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Eva LaManna on August 9, 2012
One of the bigger challenges those with cancer face is choosing who to share their diagnosis with. This can be especially complicated when it comes to co-workers and employers. Whether or not to tell, and what to tell, is an extremely personal decision, and different for everybody. Depending on your diagnosis, treatment and side effects, office environment, and structure of your company (just to name a few), there are several factors that employees with cancer must weigh in this process.
The Huffington Post recently published an article entitled For Serious Illness, Some Choose To Tell -- Or Not To Tell, that delves into the various disclosure decisions that survivors have made at work and at home with mixed results. One employee was completely honest with everybody she worked with, hoping that "maybe [being honest about her diagnosis] can help somebody else." However, many others decide not to tell their co-workers because they don't want to think of themselves as a "cancer patients" or be treated any differently. This can come at a cost, however, as one survivor interviewed who chose not to disclose at work described keeping the information private as "[I]n a lot of ways, a bigger burden than the disease." To read the entire article, click here, and to check out a variety of CAC resources on sharing your diagnosis, please read here.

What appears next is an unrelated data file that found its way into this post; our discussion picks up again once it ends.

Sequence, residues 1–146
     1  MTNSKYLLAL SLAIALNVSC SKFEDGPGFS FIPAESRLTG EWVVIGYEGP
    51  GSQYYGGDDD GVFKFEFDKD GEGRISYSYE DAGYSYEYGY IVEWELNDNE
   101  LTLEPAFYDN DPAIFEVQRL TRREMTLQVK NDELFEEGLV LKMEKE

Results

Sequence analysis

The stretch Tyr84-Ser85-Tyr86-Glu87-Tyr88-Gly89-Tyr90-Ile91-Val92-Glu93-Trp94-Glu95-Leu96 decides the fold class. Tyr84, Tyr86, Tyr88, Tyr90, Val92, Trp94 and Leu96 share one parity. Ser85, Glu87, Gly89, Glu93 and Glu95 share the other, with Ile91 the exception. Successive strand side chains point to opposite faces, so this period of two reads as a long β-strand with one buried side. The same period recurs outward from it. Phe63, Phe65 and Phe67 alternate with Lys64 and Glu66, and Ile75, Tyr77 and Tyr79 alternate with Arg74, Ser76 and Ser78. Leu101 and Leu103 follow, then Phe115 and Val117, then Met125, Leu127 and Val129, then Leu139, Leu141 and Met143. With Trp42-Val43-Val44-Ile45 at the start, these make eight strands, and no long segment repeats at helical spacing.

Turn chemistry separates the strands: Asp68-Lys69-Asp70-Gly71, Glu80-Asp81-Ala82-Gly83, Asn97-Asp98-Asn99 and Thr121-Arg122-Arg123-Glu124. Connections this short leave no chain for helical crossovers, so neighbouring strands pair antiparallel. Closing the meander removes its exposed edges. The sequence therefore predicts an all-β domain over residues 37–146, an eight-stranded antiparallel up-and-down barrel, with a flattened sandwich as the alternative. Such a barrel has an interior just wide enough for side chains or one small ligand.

While disclosure at work can obviously feel very emotional and personal, there are some instances where it is necessary. For instance, under the Americans with Disabilities Act, in order to request certain accommodations at work during or after your treatment in order to make your work environment more comfortable, you must disclose your medical condition. For more information on the ADA and reasonable accommodations, please check out our legal and financial section.